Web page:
Urban Spelunking: The recently surplussed Wisconsin Avenue School
Gallery: Wisconsin Avenue School
With its variegated brick, squared approach and collegiate gothic flourishes, Wisconsin Avenue School, on the corner of 27th and Wisconsin, is what many of us conjure when we think of a school.
Built in 1920, the school was constructed during a schoolhouse building boom that lasted more than a decade, dotting the entire city with buildings drawn in a similar style: from Hartford Avenue, Riverside and Lincoln on the East Side, to Townsend Street, Franklin, Neeskara and Sherman on the North and West Sides, and Riley, Forest Home Avenue, Lincoln Avenue, Fernwood, Humboldt Park and Bay View High School on the South Side. And these are just a few of many more examples.
Closed in 2007, the building – located in what is now called the SOHI District in the Avenues West neighborhood – was designed by Van Ryn and DeGelleke, who did much work for MPS from the late 19th century until the 1920s, when the district brought Guy Wiley on staff to oversee construction in-house.
This building, with its ornate entrances, kindergarten room push-out on the Wisconsin Avenue side and cut stone grotesques – each of which wears a unique expression, from hilarious grins to contorted grimaces – replaced an earlier school on the site. Diamond-shaped tile motifs also dot the exterior.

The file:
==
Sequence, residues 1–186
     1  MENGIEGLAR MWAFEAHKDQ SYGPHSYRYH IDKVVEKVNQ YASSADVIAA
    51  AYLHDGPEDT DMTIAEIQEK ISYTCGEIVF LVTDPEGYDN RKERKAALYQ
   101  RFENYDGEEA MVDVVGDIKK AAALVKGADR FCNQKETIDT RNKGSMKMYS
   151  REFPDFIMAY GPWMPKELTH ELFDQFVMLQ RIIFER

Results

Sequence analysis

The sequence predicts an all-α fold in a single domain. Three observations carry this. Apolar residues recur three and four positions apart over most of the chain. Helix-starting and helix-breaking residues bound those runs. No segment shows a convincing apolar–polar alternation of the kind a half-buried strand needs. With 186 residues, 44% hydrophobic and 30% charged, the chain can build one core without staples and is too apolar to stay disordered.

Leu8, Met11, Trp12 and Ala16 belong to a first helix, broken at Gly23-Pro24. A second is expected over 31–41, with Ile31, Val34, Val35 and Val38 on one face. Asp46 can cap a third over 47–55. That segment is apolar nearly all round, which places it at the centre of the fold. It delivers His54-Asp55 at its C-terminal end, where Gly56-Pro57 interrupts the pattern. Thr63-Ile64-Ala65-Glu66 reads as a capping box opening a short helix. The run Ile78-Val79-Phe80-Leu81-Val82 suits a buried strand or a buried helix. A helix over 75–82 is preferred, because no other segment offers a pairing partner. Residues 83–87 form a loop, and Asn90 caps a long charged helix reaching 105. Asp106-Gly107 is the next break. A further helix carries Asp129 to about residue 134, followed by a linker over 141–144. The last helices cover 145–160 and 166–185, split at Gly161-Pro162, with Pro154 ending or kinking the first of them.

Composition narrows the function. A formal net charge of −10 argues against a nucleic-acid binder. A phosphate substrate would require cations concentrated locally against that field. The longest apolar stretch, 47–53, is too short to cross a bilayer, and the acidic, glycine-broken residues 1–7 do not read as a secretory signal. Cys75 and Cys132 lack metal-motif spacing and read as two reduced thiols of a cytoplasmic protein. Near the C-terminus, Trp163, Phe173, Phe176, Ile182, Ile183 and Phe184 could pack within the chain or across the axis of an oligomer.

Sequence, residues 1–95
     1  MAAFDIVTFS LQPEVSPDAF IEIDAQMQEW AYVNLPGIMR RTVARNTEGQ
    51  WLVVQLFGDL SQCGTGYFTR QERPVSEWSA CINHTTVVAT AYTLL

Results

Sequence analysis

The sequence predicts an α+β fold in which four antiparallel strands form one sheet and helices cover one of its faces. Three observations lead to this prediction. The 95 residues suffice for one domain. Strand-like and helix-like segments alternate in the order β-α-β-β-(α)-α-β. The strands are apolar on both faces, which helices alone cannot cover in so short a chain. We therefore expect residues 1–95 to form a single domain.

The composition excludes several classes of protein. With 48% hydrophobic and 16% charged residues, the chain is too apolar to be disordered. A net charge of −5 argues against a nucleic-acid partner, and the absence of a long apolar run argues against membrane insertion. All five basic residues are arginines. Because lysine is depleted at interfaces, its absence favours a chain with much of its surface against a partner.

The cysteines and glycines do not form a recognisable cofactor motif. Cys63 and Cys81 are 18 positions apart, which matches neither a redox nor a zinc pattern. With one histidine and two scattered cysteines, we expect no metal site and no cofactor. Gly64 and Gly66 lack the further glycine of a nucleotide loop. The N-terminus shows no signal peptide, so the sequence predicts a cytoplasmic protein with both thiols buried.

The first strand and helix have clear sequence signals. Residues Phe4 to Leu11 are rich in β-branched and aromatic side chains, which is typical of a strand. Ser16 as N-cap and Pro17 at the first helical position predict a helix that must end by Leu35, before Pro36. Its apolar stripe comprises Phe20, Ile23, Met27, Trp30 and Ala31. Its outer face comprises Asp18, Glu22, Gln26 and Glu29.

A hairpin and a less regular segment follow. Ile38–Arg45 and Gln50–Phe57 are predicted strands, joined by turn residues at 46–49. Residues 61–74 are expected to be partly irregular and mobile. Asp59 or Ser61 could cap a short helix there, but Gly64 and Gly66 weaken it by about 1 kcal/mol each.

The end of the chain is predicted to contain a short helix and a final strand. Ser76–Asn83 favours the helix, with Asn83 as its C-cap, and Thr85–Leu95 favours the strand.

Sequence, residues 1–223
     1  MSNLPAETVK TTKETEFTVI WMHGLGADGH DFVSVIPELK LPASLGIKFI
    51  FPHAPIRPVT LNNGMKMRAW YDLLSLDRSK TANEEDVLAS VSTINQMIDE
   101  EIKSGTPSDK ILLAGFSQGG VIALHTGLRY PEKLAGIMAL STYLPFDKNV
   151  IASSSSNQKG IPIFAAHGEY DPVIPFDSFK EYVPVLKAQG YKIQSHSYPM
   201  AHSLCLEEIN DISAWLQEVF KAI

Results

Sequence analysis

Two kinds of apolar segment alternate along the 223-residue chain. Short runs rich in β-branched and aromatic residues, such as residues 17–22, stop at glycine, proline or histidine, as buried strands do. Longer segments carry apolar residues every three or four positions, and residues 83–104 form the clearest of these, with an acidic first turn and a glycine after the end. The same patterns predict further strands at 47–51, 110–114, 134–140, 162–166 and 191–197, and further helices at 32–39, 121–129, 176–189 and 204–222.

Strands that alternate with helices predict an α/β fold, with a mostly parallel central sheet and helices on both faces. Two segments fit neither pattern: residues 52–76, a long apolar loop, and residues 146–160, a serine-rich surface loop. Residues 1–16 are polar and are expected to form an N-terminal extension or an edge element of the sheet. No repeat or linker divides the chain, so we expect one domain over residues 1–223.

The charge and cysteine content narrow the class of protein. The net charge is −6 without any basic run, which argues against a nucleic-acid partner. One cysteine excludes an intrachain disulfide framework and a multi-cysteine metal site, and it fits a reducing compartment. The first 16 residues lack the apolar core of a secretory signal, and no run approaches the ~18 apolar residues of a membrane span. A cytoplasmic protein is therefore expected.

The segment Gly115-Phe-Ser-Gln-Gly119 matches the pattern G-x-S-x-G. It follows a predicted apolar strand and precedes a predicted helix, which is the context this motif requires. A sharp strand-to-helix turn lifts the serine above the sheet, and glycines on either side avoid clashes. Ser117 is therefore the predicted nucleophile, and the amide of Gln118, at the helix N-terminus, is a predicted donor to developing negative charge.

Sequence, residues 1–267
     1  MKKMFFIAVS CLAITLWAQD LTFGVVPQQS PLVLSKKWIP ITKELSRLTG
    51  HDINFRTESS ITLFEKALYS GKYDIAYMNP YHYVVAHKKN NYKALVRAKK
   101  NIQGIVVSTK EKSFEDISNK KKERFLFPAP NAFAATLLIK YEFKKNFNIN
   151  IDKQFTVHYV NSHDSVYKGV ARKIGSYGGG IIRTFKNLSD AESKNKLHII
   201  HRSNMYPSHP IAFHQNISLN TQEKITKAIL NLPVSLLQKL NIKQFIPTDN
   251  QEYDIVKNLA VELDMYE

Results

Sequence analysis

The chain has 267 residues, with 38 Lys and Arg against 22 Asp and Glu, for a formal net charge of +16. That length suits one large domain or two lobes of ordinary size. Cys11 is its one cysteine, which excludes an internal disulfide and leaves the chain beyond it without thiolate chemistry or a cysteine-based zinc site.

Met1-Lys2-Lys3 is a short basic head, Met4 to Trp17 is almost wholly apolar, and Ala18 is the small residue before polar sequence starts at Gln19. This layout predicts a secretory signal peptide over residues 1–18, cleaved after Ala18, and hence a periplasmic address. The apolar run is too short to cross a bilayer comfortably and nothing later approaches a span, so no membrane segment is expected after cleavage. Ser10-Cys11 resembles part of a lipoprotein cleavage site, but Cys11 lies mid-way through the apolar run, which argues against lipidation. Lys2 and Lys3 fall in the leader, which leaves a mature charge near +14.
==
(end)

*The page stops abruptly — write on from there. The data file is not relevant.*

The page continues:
An extensive gallery of photos can be seen here.
That earlier schoolhouse, called Grand Avenue School (there is now a Grand Avenue further east, on 24th and Wisconsin, that was constructed in 1991 during a middle school building spurt) was designed by Ferry and Clas and lost to fire in 1918.
While firmly rooted in what was at the time contemporary schoolhouse design, Van Ryn and DeGelleke's replacement seemed especially heavy on the gothic, perhaps in tribute to the gothic arches that featured in Ferry and Clas' graceful facade.
Since 2007, Wisconsin Avenue School has been mostly shuttered, though the district has used it for storage and Highland Community School briefly used a bit of the space before it moved into the old MacDowell Montessori School a couple years ago. Highland had expressed interest in the entire building, but some say it was too big and needed too much work.
Milwaukee Police Department also discussed taking it over and using it for records storage. A floated Teachtown development to create teacher housing – like the project at Dover Street School – didn't come through, either.
So, it came as little surprise last month, when the school board voted to declare the building – as well as a few others, including 37th Street School and Wheatley – as surplus.
On a recent visit, I spent some time exploring the building, which is quite large, with 26 classrooms, as well as a large auditorium and basement gym/cafeteria with some incredible louvered wooden roll-up dividers to turn one large gym into two smaller ones.
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